NABE Survey Predicts Gloomy Outlook for U.S.

NABE Survey
Inflation Illustration | Image by Morrowind, Shutterstock

A recent economic outlook survey predicts slower growth in the U.S. until 2024.

The latest Outlook Survey by the National Association for Business Economics (NABE) forecasts a climate of persistent inflation and higher interest rates through 2023, as well as further banking turmoil and the possibility of a recession in 2024.

The NABE Outlook Survey was conducted by a panel of 45 professional forecasters between May 2 and May 9, 2023. The survey results reflect the consensus macroeconomic forecast of economists from businesses, trade associations, and academia.

“Respondents to the latest NABE Outlook Survey are divided as to whether a recession in the U.S. is likely in the next year,” said Julia Coronado, NABE president as well as founder and president of MacroPolicy Perspectives LLC. “However, the median forecast calls for economic growth through 2024 to be modest.”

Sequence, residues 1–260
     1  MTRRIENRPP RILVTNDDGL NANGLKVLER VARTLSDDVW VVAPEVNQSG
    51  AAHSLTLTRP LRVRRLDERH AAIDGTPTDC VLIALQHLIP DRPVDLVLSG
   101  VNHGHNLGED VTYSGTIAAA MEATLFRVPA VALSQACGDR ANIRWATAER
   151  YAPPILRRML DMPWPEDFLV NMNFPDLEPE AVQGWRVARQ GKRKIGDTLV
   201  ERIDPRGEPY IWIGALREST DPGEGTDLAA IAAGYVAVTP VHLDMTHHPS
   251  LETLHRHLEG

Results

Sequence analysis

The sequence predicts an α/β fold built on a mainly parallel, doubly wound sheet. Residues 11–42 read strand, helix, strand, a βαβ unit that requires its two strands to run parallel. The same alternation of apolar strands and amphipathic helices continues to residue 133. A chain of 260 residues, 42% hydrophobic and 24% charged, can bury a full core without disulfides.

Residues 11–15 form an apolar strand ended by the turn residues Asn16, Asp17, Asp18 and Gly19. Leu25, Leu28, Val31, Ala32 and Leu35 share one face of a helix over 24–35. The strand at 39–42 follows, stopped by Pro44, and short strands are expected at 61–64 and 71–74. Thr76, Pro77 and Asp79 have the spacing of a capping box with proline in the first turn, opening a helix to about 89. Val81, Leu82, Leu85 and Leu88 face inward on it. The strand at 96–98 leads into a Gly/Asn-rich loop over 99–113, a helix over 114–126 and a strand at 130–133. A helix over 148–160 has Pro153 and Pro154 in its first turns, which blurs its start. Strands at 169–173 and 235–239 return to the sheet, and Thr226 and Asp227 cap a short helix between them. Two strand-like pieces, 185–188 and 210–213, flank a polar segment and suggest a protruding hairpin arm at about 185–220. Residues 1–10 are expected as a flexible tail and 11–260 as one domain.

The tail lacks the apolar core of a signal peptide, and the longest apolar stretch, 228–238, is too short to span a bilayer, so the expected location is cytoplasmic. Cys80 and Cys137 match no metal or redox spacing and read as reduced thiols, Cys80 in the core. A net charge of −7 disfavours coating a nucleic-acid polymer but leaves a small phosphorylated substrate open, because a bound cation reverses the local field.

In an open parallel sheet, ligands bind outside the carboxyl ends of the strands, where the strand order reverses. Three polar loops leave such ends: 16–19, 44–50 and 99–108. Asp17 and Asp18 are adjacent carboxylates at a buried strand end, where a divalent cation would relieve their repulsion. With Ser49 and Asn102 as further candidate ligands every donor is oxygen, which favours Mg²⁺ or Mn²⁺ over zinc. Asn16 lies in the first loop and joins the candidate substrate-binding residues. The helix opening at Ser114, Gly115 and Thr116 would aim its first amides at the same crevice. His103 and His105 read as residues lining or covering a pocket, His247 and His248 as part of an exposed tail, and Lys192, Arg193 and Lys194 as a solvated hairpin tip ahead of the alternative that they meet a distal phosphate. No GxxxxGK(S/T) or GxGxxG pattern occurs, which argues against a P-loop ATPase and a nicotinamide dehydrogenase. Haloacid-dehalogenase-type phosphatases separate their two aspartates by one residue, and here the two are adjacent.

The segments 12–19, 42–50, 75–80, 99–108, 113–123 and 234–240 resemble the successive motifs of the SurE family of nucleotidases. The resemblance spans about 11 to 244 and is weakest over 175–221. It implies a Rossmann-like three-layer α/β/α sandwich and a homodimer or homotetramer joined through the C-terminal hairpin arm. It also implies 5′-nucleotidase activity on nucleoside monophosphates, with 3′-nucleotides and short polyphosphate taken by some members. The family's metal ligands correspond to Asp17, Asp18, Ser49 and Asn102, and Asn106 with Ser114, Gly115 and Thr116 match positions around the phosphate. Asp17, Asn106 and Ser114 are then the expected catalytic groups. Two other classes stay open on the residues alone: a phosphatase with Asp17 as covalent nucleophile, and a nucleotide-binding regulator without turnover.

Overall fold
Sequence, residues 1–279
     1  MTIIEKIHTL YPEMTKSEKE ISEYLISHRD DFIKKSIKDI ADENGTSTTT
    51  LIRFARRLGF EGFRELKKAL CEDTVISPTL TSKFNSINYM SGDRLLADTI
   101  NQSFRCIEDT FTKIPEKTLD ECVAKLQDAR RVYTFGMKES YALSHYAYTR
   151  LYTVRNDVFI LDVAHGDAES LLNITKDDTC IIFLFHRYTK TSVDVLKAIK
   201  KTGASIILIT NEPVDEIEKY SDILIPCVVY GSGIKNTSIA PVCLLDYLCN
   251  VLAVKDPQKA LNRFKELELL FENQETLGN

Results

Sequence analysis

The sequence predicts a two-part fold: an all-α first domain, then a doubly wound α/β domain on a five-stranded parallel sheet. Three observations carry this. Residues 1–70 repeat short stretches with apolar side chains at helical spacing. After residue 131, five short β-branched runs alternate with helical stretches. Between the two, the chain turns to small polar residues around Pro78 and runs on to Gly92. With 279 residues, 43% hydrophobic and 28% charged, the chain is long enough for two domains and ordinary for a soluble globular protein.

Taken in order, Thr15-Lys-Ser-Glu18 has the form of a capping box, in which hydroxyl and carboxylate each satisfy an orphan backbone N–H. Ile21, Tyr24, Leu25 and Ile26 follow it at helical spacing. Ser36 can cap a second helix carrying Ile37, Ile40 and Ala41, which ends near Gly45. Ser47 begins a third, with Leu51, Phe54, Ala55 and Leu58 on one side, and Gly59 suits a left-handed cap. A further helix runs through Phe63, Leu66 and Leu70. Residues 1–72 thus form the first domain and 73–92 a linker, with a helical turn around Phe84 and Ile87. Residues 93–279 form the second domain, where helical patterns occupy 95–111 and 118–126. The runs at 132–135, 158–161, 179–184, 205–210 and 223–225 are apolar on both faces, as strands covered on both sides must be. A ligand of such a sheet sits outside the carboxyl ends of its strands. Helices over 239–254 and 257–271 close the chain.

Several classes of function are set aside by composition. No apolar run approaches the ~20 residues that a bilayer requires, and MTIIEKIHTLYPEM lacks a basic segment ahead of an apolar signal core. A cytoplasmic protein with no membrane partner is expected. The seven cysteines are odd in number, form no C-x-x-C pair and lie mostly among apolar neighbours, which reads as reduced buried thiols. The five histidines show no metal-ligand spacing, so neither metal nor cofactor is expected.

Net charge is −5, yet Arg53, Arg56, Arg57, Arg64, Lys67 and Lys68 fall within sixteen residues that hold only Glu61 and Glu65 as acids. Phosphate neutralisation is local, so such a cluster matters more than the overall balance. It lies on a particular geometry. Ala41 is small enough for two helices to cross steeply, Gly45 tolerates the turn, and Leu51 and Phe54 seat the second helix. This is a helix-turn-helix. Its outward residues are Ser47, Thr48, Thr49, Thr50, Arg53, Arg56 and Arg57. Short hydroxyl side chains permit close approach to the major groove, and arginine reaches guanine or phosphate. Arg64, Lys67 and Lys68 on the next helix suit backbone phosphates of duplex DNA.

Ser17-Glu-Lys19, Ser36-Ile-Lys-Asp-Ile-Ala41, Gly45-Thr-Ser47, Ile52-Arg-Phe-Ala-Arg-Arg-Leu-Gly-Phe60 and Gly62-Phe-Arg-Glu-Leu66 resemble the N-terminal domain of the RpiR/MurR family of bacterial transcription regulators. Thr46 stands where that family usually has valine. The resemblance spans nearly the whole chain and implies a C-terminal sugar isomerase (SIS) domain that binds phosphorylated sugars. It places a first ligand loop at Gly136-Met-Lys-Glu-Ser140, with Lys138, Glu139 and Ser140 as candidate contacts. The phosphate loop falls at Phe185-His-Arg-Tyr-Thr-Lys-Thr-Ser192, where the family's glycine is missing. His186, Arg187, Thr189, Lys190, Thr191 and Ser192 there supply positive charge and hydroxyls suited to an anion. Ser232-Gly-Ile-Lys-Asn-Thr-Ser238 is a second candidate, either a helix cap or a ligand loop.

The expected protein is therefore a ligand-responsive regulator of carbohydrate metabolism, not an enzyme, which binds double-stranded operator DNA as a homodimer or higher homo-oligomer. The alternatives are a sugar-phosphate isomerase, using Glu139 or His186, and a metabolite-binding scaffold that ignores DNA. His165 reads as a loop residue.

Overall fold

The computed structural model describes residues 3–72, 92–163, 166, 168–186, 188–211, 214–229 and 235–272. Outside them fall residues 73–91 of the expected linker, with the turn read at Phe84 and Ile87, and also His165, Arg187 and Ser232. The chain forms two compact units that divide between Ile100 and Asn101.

In general, the panel anticipates that the Fed will need to maintain a benchmark interest rate greater than 5% for the remainder of the year to successfully get inflation back down to the 2% target.

The panel’s median full-year forecast for inflation was 4.2% in May, up from the 3.9% forecast in February and more than double the Fed’s 2% target. Meanwhile, until economic conditions in the U.S. have become sufficiently restrictive, the panel expects job growth to slow and the unemployment rate to rise.

Regarding the looming debt crisis and further turmoil in the banking sector, most panelists view the situation with a lens of optimism, according to Dana Peterson, chair of the NABE Outlook Survey and chief economist at The Conference Board.

“Most respondents indicate the banking crisis is contained but ongoing, with only about one-fifth believing it will worsen,” Peterson said in the survey summary.

In addition, Peterson hypothesized that most panelists believe breaching the debt ceiling will not bring on a global financial crisis unless an impasse persists for several weeks and that most respondents believe the dollar will not lose its status as a reserve currency in the foreseeable future.

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